Arizona is a hiker’s paradise, with beautiful trails of all sorts of difficulties. But with places like the Grand Canyon, or Sedona it might go without notice that there are actually quite awesome trails to hike right in and around Phoenix. Or maybe I’m just a loser that didn’t notice it.
One of the trails I got to explore is the Mormon Trail which then connects to the Hidden Valley trail located in the South Mountains. The trail begins on 8610 S. 24th St. at Mormon Trail head and all together comes to roughly 3.5 miles one way.
There’s a parking lot right near the entrance but since it was full, plenty of hikers parked down E Euclid Ave. (We didn’t get towed so I guess it’s legal as long as you don’t park next to the ‘No Parking’ signs.)
South Mountain is the largest city park IN THE WORLD
The trail is ranked as moderate so be prepared for a bit of a workout. But don’t let that intimidate you, I saw plenty of people who were hiking with little children, dogs and several people zoomed by us on bike. I still wonder how in the world they got up there on bikes but, kudos to them!
The Mormon trail begins with quite a bit of a rocky climb up, which means the way back is down hill (thank the Lord) and reveals a view of the city. You want to head south and take a left onto the National Trail, which then connects to the Hidden Valley trail.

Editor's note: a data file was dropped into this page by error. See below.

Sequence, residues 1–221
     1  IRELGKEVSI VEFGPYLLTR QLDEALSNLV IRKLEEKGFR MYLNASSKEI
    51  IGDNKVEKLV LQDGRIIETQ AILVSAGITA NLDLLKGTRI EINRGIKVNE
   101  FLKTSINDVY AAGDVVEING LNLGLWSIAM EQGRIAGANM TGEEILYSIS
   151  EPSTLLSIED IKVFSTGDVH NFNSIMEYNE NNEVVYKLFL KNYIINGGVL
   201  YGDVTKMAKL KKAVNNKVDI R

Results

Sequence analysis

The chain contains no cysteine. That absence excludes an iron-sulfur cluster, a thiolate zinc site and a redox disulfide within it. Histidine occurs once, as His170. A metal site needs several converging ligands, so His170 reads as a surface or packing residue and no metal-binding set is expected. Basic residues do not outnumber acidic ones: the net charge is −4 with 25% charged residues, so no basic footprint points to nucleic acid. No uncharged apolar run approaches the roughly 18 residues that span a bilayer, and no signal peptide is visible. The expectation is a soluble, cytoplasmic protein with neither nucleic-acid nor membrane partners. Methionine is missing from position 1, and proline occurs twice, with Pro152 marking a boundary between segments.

No worries, you don’t have to memorize that, there’s signs along the way and you can use the nifty AllTrails app which not only gives you more details on the trail itself, but shows you the way. Otherwise I’d probably get lost and die next to a cactus somewhere because it’s actually quite easy to walk off trail and wonder off into the unknown.
Once you hit the Hidden Valley trail is where it gets really neat! The trail runs deeper into the mountain, away from the city and is much more secluded with some neat tunnels, paths and plenty of photo opportunities.
Towards the end you reach the Fat Mans pass, which ironically is a path for everyone but a fat man. It’s a narrow crack between two giant boulders, with very little maneuvering room. But worry not, if you’re clostraphobic or “too tall” as my dad excused himself (as if that’s the problem) there is a second way around for normal sized people. Then you loop around and eventually end up coming back the same way you came.
All together it took us roughly 3 hours to complete this trail and that’s including several stops to drink water, snack and catch my breath. (The last one more so than the first two.) Naturally, I also took frequent stops to snap some photos.
We did come across plenty flat and slippery boulders to climb up which is where hiking shoes would have come in handy. I settled for my adidas sneakers and did end up scrambling up on my hands and knees on a couple occasions.
We hiked in late December which means the temperature was in the mid 50s – 60s but I honestly can’t imagine trying to hike that in the summer time. Not only would I pass out from heat exhaustion, I imagine there would be A LOT more desert residents poking around. This time around we only saw this little guy and I’d prefer to keep it that way.
It was a quite tiring hike but very fun and satisfying and proved to be a great warm-up for the following hike waiting for us the next day!
I'm Sandra, creator of Whispers of Adventure.
I'm a crazy dreamer with a love for adventure and new experiences. With my passion for writing and capturing the moment with a lens, I hope to inspire you for your next adventure!